Sitting in the auditorium at NGMA one day, Z asked me if I often wonder what NS would do in certain situations. I rolled my eyes – ‘all the time’, I said. Over the years, we have come to see NS as a rock star of sorts, somebody who has answers to everything. This may not be fair to her but I want to believe it’s true.

At 27, I have learnt more about feminism from stalking her writing than from any of the theories I was given to read. For somebody who believed aggression to be the only suitable response to assholes, NS’s ability to use humour to piss people off was both unsettling and intimidating. This was an approach that was new and confusing to me. What can be more aggressive than humour? What can the assholes say when you have taken a nice, long fart in their faces?

Over glasses of brandy in K, I pester NV to teach me to become independent like her. She lives alone, walks alone, rides like a maniac, cuts in between heavy vehicles, says no just as easily as she blushes and drinks like a fish. ‘Parents need to be taught how to grow up ya’, she says. In five years if I am anywhere close to living my life like NV, I will be a proud feminist.

The list of women I am trying to catch up with is growing. I don’t know some of these women personally. But I stalk their blogs and read them more than I read anybody else. The women that I do know personally are harder to emulate because I don’t want to freak them out. The child in me will only want to buy bags like theirs and clothes like theirs. In a simpler time, feminism just meant looking like the women I wanted to be like. And maybe now that I can look back without anger, it’s ok to derive inspiration from looking like them.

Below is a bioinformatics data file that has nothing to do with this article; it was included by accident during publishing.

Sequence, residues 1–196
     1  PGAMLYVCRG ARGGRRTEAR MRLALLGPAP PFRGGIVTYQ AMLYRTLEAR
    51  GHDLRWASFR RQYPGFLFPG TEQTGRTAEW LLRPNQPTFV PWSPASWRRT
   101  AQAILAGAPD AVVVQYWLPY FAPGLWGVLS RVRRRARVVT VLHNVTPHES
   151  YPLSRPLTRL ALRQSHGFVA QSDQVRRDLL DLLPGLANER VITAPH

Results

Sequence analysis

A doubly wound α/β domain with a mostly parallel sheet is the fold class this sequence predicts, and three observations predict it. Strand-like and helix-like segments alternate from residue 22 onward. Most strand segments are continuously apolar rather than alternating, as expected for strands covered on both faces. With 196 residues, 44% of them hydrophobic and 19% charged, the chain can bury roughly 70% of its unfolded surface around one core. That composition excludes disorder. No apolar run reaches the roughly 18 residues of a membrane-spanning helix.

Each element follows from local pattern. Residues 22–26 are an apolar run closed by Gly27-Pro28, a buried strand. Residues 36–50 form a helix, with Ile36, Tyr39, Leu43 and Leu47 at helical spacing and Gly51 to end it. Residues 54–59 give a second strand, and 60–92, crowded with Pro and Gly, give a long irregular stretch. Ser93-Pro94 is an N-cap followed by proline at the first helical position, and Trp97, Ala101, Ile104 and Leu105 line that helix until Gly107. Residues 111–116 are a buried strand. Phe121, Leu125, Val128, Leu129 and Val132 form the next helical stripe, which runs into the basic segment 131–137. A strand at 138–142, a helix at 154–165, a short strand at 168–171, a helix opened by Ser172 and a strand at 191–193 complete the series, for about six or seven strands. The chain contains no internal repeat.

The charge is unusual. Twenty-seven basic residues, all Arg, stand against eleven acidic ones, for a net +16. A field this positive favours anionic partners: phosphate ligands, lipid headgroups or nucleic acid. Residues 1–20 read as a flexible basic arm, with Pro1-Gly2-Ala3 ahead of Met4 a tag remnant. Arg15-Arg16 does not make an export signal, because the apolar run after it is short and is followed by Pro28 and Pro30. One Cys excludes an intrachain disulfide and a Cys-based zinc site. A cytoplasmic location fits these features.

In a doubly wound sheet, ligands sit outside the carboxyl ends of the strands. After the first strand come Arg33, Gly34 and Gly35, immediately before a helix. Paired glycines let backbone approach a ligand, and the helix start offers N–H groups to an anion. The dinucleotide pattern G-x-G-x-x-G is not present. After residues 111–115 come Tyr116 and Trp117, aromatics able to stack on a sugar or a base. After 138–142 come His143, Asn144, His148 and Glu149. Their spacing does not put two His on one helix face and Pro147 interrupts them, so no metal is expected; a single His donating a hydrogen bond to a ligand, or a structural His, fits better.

NM walks like she owns not just her body but everything and everybody around it. ‘Dress well, laugh and let them see you laugh’, says NM.

S and I often talk about Goddesses. The Goddess is an independent woman. She laughs sensually and cuts men down to size with humour and sometimes just a killer look. She isn’t beautiful but she has personality. Every time we deal with a situation using humour, personality, aggression, and style – we call ourselves goddesses. So far, we have never been able to do that.

I have doubted myself far too much in the last couple of months than I have in all my life. I have pondered over meanings and meaning -making, gestures and behaviours and how seriously I should take each of these. I have, at various occasions chided myself for over thinking and then wondered if I have in fact been over thinking. I guess what I am trying to say is that I am tired. I am tired of wanting to become the woman who knows exactly how to deal with assholes. I want to be that woman already.

Romedying at 7:00 AM

This morning I sat in front of the TV with a glass of hot water and watched a bit of Gilmore Girls on Romedy Now. If I haven’t already said this, I am saying it now — Romedy Now is the best thing to have happened on television. Season 5, episode 14 was on — Luke and Lorelai have split because of Emily. Lorelai is broken and in bed with lots of junk food and chocolates and magazines, and Rory is being Rory – bringing tray full of more junk. When Lorelai is finally left alone, she can’t take it any longer. She calls Luke and leaves a long message. When she realizes what she’s done, she hangs up and runs over to Luke’s to get the tape. On her way back — she sees him, apologizes and hands over the tape.

When I first started watching Gilmore Girls, I was so much in awe of Lorelai that she quickly became somebody I could never become–she was that incredible. I think this is a mistake. I am always in such a tearing hurry to put women in lists and brackets that beyond a point they stop being human and become people I can never hope to be like. Of late I have been thinking about Feminism and how my understanding of it has changed over the years. There are too many women I want to be like but every time something dreadful happens, I forget about these women and just whine. When I watched Lorelai Gilmore today, she was a woman with flaws – who messed up and cried and apologized. Yes she was a woman with flaws even before this morning but something about watching this today put things in perspective. IMG_20160204_101520

Some days, all I need is perspective. ‘I am not that girl – I don’t break and call my ex-boyfriend to come save me’, she says. And then, even though she is hurting and pissed – she walks away a more believable Lorelai Gilmore. That was my moment today. And for sometime after that, I gloriously believed that nothing will ever go wrong if I spend some time getting perspective like this every morning.